drawing carthay circle

The exterior design was in the Spanish Colonial Revival style, with whitewashed concrete trimmed in blue, with a high bell tower and neon sign that could be seen for miles.[1] The architects were Carleton Winslow and Dwight Gibbs.[3] The iconic octagonal tower was placed in the front corner spandrel space left between the circle and the square. The auditorium’s cylinder-shaped wall was raised up above the roof line, to create a parapet visible from the outside that resembled a circus tent. “Simple, massive and dignified, the building stands out for its intrinsic beauty,” raved The Architect and Engineer.[1] Pacific Coast Architect wrote that it was a theatre “masked as a cathedral”.[1]

There was a drop curtain that featured an homage to the pioneer Donner Party, which perished crossing the Sierra Nevada Mountains. Bronze busts of Native American leaders and photographs of Lillie Langtry and other 19th century actors adorned the lounges and lobbies. Murals of historic scenes forty feet tall graced the walls, painted by Pasadena artist Alson S. Clark.[1]

via Carthay Circle Theatre – Wikipedia, the free encyclopedia.

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  1. June 18, 2013

    ‘Theatre masked as a cathedral’ … how curious. Why? Pictures, theatre are the new gods?

    • June 18, 2013

      Now I think you could only call them gods of commerce, but then… in 1926, bigger than life, transporting you to worlds unseen, where you could “worship” several times a week…

      • June 18, 2013

        Ah yes, gods of commerce; and theatres that are as dull and identical as fast food outlets. Sigh.

      • June 20, 2013

        In Christchurch, as well?

      • June 20, 2013

        Sigh, yes. Our older style theatres were trashed in the recent earthquakes. I think only one of them is restorable.

      • June 20, 2013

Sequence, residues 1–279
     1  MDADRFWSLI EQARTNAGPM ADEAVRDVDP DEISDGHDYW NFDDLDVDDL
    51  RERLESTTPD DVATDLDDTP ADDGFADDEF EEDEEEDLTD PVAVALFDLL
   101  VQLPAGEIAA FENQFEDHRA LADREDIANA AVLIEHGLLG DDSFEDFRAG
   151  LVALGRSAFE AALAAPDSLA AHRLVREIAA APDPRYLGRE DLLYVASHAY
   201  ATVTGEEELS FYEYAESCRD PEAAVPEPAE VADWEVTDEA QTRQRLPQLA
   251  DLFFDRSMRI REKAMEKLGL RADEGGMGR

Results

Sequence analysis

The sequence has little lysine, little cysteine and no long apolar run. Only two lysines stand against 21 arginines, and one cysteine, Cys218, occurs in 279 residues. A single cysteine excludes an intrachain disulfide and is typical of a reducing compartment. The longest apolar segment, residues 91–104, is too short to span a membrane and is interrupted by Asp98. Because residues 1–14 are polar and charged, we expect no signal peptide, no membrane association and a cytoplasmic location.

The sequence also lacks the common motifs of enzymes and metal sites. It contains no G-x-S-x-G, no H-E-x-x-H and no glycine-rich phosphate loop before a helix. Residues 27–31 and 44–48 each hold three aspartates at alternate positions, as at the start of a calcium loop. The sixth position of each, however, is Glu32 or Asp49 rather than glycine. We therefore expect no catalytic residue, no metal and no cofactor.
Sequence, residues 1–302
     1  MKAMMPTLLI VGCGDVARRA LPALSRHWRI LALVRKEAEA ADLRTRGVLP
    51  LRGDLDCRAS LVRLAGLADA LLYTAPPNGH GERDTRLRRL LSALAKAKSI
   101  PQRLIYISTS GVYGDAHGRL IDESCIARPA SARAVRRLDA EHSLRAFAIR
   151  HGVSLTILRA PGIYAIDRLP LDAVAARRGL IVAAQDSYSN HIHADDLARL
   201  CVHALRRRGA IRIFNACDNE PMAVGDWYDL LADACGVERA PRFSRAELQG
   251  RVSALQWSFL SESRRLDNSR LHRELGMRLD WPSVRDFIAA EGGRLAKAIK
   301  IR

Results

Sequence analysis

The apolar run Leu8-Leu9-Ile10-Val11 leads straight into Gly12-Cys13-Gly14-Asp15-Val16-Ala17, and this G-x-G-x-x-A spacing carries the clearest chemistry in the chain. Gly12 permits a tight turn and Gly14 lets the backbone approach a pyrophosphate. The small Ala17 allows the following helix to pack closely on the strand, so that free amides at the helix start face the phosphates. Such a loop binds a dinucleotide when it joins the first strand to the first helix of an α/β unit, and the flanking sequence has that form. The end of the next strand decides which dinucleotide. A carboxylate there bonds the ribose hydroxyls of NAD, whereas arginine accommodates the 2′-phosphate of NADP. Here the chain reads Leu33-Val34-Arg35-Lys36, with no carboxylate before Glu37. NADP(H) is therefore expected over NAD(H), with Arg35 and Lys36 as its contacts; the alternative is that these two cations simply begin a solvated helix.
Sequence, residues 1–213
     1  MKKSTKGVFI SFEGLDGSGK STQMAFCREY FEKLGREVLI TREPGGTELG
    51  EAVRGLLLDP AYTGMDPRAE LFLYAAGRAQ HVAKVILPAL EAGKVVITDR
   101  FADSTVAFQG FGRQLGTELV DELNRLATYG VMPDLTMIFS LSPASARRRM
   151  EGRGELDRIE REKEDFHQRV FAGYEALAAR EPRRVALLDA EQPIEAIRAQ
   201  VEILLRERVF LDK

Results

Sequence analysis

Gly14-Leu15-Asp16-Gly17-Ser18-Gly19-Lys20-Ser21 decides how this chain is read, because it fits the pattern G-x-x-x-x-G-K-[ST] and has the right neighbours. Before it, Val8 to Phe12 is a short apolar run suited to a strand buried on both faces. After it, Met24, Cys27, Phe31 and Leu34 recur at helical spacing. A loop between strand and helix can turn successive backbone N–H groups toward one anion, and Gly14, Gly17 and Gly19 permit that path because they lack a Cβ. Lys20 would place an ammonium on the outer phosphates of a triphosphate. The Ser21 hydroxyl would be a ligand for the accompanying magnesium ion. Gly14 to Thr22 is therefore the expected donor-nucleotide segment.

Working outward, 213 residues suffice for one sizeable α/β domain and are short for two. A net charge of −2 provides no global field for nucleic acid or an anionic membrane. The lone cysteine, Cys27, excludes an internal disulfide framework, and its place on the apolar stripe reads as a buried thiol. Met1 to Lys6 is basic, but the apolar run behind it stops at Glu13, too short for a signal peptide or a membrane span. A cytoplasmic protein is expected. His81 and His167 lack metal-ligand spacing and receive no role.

Oh my, I had completely forgotten about that – the pictures from 2011 were shocking.

      • June 20, 2013

        Yes, but you should see the Isaac Royal Theatre now; in the throes of restoration but it looks so dejected at the moment.

      • June 20, 2013

        Ah yes a lovely happy face and a wonderful supporter! I went to see Miriam Margoyles last year; think it might have been a fundraiser. Great evening. She was performing her piece on Dicken’s women in a high school theatre. Thank goodness for the high school theatres around the city. They have provided valuable performance space.

  2. George Kaplan
    June 18, 2013

    In Los Angeles did Kubla Khan a stately picture palace decree… Such a magnificent building from a time when theaters really were thrilling edifices and antechambers to Dreams.
    Favourite phrases of the day: “whitewashed concrete trimmed in blue”, “iconic octagonal tower”, and “spandrel space”. šŸ™‚ In truth, I love the rhythm of the writing in this piece. Excellent and imagistic.

    (Bad Taste Comment: I hope the tribute to the Donner party didn’t feature illustrations of them eating each other… Oops)

    • June 18, 2013

      Good morning Mr. Kaplan! I have a picture of the Donner Party curtain and I will send it to you right now….

  3. June 21, 2013

    Very cathedral like indeed.At first glance one would be forgiven for thinking it was.Such a shame that it is now gone though.Well at least it once was there and we have the pictures.Better still however if it were still standing.

    I sometimes muse whether there is in fact some perverse architectual law that says-when you knock down a good building it must be replaced by something worse.I have certainly considered this to have a general applicability.It also seems to be true that almost inevitably the worse building that replaces the older one must be held to be a shining example of improvement that has torn away the past to replace it with something of our age etc.The curious assumption seeming to be that something of our age is invariably better without the need to prove it and despite the fact that self evidently it is not, we must accept it or be philistines who do not understand progress or even worse philistines who would stand in its way.

    I have long considered this not to be so much an arguement as name calling.I lose count of the times I have heard it however.

    • June 22, 2013

      What’s replaced it are two office buildings — very nondescript seventies architecture — I guess it’s better than a mini-mall?

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